The clinician may incorporate comorbid conditions as well as psychologic status in the evaluation of the significance of symptoms. For example, in a study of six adults more intense dyspnea was associated with greater levels of anxiety (83). When dyspnea is severe, patients exhibit greater levels of distress from somatic complaints as well (82). Hypoxemia affects neurophysiologic functioning and, potentially, symptom reporting. Self-reported symptoms might also be viewed in light of medications that may influence the perception of breathing sensations.

Attempts to Standardize Symptom Reporting

The frequent discrepancy between severity of disease and intensity of breathing discomfort has been acknowledged for 40 years. This knowledge generated attempts to standardize the conditions under which these subjective symptoms are evaluated. Because the dyspneic patient is frequently unable to perform the daily activities of life due to discomfort associated with breathing, the first such noteworthy attempt involved the standardization of the reporting of the activities under which dyspnea occurred. In this context, Fletcher first published a five-point rating scale in 1952 that was employed by the Pneumoconiosis Research Unit to rate the impact of dyspnea on activities for patients relative to individuals of comparable age without lung disease (88). Subsequently, a revised version of the original five-point graded system, which focused on the patient's report of dyspnea while either walking distances or climbing stairs, was published (89). This questionnaire has also been referred to as the Medical Research Council (MRC) Scale (90). Patients are asked to indicate the level of activity that produces dyspnea and then, at subsequent visits, they are monitored to determine if dyspnea occurs with lower or greater levels of activity. It may be difficult with this scale to establish a change in dyspnea following a therapeutic intervention: a notable limit to the scale relates to the lack of clear limits between grades (91).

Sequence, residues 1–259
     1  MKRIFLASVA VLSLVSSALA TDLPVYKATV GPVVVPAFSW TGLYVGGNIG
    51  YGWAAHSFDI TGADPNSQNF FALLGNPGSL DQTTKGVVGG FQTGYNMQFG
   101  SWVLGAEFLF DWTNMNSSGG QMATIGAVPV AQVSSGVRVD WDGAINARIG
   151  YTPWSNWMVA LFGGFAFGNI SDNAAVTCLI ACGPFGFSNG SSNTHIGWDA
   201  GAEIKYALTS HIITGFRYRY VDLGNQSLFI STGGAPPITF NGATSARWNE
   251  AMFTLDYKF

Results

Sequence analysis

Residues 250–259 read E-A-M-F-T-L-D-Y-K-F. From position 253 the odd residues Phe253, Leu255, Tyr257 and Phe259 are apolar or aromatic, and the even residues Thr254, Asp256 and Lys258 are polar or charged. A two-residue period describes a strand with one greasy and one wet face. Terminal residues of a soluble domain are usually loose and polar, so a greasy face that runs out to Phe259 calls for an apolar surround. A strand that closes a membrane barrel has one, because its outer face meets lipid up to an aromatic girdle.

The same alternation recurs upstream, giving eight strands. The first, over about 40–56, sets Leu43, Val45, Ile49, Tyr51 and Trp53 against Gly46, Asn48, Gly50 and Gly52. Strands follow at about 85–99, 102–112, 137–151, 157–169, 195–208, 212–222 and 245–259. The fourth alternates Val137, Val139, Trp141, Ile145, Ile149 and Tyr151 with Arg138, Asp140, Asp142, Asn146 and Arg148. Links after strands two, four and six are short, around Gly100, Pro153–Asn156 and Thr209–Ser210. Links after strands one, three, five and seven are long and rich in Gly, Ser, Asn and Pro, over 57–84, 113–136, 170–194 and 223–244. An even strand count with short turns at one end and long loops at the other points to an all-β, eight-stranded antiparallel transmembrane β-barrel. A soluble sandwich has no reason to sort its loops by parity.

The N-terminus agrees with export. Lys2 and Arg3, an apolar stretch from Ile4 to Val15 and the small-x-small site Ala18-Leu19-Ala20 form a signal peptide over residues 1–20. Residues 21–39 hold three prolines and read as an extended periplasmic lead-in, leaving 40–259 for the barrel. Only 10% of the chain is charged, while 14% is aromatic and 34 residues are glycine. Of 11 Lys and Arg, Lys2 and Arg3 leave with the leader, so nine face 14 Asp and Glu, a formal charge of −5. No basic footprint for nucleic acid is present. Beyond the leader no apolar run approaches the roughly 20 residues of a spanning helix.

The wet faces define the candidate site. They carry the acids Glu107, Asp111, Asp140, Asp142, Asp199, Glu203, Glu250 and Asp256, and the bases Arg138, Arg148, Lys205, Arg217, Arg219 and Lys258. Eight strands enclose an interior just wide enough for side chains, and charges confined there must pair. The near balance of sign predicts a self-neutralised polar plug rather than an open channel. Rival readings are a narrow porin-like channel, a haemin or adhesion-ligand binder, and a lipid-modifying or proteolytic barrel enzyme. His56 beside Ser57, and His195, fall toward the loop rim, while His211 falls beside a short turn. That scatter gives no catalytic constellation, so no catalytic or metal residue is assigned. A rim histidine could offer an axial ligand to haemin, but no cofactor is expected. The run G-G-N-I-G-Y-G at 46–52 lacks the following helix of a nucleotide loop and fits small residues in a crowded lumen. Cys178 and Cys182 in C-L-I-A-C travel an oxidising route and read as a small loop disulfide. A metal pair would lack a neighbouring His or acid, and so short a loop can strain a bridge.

The Oxygen Cost Diagram (OCD) is a scale designed to rate activities on a continuum according to the number of calories expended in the performance of the activity. This scale was developed in an effort to match a range of tasks with the occurrence of dyspnea. The OCD is a 100-mm vertical visual analog scale with 13 activities listed at various points along the line corresponding to increasing oxygen requirements for their completion, ranging from sleeping (at the bottom) to brisk walking uphill (at the top) (92). The patient is asked to indicate the level of activity that causes dyspnea by marking a point on the vertical line. The score for the OCD is obtained by measuring the distance from the bottom of the line to the mark, in millimeters. Unfortunately, not all patients engage in all the activities depicted along the continuum, and some need repeated instructions for marking the line at an appropriate level. Nonetheless, both the MRC and the OCD are easily used and have proven pragmatic utility.